Cambodia’s tourism officials say they will focus on attracting Asian tourists as they try to survive a world-wide downturn in the number of people traveling, following the Sept terrorist attacks in the US and the fighting in Afghanistan.
The Ministry of Tourism reported a drop of almost 20 percent in the number of foreign visitors to Cambodian from August to September, with Europeans making up the largest percentage of travelers choosing not to come to the country, followed closely by US citizens.
Hardest hit was Siem Reap, which saw the number of travelers arriving from abroad by direct flight decrease by nearly 3,200, or 25 percent, between August and September.
“But from January to September our report shows that Chinese and Korean tourists increased, so we will target our campaigns on Asian markets,” said Thong Khon, secretary of state for the Tourism Ministry.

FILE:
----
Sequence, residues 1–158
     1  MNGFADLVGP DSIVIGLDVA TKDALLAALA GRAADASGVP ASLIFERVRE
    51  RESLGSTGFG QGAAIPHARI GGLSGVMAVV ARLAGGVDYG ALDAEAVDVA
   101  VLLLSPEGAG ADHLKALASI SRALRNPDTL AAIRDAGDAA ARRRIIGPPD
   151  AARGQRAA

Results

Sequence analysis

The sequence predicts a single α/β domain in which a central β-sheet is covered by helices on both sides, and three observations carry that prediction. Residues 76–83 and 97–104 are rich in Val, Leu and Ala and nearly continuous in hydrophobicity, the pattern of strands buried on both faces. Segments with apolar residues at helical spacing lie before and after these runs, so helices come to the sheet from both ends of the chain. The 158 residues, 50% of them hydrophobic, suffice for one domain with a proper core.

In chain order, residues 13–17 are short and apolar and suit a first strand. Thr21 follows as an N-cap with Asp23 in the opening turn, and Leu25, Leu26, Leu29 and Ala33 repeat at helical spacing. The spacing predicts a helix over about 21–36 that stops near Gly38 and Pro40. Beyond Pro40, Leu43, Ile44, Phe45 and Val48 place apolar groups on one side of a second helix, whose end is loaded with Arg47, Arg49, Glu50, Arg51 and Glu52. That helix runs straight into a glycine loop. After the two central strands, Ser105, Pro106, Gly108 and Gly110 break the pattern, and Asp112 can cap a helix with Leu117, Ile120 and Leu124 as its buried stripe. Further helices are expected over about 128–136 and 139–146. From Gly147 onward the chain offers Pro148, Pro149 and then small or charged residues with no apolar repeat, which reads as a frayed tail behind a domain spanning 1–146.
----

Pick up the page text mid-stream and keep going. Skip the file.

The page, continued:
Overall, the number of tourists coming to Cambodia in the first nine months of this year have increased 30 percent from the first nine months of Sept 2000, according to figures from the Interior Ministry’s Immigration Department.
But both tourism officials and those in the service industry are bracing for a dramatic drop as the violence in South Asia continues and terrorists threats persist globally. Already, hoteliers in Siem Reap are reporting decreases of as high as 50 percent in the number of room reservations they are receiving.
Other key areas of commerce, such as the garment industry, are also claiming to be hit hard by the fallout from world events. Factories in Cambodia are complaining of a surplus of goods as global demand drops, resulting in worker layoffs.
Despite this months bleak figures, Thong Khon said tourism officials still hope to exceed last year’s total of foreigners coming to the country by 15 percent.
“We are still optimistic,” he said.
In the absence of other viable sources of national income, tourism has emerged as a lucrative industry, with Cambodian officials pushing the Angkor temples particularly hard.